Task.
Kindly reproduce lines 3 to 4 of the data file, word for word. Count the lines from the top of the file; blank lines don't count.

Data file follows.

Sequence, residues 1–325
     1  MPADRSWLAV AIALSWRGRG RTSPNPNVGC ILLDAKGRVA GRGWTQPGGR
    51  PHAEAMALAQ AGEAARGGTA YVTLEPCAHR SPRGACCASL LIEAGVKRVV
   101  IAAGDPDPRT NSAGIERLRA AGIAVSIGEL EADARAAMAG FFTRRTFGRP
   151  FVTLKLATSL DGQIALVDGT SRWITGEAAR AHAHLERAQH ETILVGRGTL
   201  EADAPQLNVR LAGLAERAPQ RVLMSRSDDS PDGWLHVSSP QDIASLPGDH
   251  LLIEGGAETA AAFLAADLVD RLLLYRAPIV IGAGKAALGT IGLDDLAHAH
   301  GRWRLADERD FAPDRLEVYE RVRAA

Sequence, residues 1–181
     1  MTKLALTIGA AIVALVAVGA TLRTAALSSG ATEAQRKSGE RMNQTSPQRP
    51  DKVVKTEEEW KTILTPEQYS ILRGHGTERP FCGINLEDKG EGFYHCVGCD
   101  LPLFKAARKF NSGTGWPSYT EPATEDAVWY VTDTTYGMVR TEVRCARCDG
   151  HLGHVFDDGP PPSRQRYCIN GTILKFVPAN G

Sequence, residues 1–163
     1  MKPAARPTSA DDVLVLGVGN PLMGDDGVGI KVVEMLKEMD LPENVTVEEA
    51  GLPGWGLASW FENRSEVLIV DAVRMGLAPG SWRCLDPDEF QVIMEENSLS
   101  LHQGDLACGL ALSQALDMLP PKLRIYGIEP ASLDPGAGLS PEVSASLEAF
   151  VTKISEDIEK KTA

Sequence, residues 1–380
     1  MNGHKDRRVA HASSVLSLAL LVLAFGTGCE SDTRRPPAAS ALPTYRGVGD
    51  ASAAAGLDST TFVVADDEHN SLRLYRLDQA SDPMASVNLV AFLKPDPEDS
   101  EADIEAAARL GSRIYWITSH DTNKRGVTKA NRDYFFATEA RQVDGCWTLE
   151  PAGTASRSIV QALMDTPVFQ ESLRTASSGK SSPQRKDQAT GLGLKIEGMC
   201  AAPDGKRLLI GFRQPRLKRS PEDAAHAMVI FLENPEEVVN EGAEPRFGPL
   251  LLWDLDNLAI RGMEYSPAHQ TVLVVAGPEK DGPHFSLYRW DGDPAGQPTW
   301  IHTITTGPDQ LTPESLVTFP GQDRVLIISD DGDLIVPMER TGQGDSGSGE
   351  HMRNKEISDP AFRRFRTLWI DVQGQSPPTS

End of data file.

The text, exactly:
    51  PHAEAMALAQ AGEAARGGTA YVTLEPCAHR SPRGACCASL LIEAGVKRVV
   101  IAAGDPDPRT NSAGIERLRA AGIAVSIGEL EADARAAMAG FFTRRTFGRP